Family trees can be said to start at the deepest root or on that branch that stretches as far in the sky as one can see. The way I’m looking at the tree (that I share with my fourth cousins from Funasdalen, Gustav and Manfred, Gunilla and Jenny) is from the top. I cannot absolutely verify the first few branches—starting with Gullik Matsson born in 1670, who had a son Sven Gulliksson Strom (this is where the name Strom first appears) born in 1716, who had a son Gullik Svensson Strom born in 1753.

Then it gets real. Gullik’s son Sven Gulliksson Strom, born in 1778 married Kirstin Steffansdotter and had several children, among them Gertrude Svensdotter Strom, born 1806, and Staffan Svensson Strom, born 1808. Gertrude was the great-great grandmother of Barbara (from Oregon), and the cousins from Funasdalen. Staffan was my great-great grandfather.

Now the story starts to feel personal. Staffan’s son was Per Strom, born 1838. Whose land I visited just a few days ago. Per was the father of Magnhild, my grandmother.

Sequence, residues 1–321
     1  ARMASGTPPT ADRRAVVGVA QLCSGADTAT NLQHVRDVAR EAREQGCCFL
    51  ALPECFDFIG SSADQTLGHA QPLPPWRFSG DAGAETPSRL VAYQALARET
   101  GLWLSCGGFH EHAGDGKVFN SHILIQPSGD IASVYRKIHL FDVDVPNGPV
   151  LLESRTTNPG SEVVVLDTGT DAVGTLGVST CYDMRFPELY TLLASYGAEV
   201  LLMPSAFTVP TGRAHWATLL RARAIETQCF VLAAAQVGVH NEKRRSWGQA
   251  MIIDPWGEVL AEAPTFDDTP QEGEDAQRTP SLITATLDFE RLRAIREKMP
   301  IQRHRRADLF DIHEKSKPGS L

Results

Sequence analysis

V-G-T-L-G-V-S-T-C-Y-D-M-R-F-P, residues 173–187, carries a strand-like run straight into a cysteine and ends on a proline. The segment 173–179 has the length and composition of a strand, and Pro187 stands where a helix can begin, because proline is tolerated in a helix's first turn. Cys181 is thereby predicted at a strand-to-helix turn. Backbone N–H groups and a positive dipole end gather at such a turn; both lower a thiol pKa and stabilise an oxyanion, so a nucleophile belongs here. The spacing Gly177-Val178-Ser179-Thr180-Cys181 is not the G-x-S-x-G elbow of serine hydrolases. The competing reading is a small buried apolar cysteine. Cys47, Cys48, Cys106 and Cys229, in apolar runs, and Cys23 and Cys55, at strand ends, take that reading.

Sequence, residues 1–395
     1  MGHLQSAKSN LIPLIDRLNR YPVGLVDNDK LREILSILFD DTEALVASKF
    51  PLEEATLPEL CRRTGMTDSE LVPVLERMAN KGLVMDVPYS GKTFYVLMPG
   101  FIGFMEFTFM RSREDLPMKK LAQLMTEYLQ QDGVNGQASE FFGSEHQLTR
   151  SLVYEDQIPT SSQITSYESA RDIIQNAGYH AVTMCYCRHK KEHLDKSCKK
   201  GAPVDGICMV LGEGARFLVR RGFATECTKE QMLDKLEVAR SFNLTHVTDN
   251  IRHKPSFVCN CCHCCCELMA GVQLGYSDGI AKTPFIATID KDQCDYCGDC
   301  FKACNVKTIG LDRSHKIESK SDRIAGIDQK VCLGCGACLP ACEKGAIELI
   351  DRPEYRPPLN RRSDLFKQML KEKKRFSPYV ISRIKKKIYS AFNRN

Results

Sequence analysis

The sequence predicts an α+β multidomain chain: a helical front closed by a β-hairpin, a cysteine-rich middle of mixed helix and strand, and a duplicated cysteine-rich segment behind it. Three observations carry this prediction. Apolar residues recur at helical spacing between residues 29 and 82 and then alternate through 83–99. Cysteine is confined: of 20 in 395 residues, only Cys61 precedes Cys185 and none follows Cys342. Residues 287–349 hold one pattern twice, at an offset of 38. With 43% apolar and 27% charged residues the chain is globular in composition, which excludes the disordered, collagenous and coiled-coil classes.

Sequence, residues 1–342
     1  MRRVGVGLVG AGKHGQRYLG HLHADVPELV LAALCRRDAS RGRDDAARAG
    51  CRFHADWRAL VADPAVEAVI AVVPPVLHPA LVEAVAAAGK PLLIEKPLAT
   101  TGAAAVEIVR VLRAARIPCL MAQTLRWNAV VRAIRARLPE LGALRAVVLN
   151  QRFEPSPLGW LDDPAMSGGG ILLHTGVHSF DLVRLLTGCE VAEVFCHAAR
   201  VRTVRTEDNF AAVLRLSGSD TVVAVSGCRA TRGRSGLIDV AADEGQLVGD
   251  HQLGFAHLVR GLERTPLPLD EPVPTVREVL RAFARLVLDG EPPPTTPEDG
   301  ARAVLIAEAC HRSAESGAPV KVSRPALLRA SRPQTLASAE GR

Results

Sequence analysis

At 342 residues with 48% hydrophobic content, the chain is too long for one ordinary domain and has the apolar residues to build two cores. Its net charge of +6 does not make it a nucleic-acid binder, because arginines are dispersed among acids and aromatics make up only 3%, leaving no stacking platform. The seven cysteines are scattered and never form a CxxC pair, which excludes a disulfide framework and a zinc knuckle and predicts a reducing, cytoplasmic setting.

Staffan’s sister, Gertrude, married Olof Jonsson, her son was Jon Olofsson who married Sigrid Hansdotter, and they were grandparents to Manfred and Gustav and their cousins Jenny and Gunilla, all of whom I met on this visit.

Enough with the begats…but it gives me history…me in history…I love that.

According to Swedish cousin research, Per and his ancestors, going back some generations, were miners. There was a huge mine in the area, owned by one man, who may have also owned adjoining farmland where the miners could grow some things for their personal use. Even though there are many more things to know about Per, this is a start. We know he went on to become a successful South Dakota farmer so he obviously had experience farming before coming to America.

The village where Grandmother Magnhild was born.

I think Magnhild’s mysteries will have to be solved through her mother’s family tree. I had some information for Maret P Halvarsdotter Olofsson, Per’s wife and my great grandmother, but it appears it may be wrong…so I’ll say no more about her until I have time at home to dig a little deeper with The mysteries of the reindeer herder grandfather, my three percent Russian/Finnish DNA (which is a fairly typical Sami mix I’m told), why my grandmother was said to be part Norwegian (when it appears she’s totally Swedish), and why my mom’s lefse was different from all other known lefse must remain mysterious for now.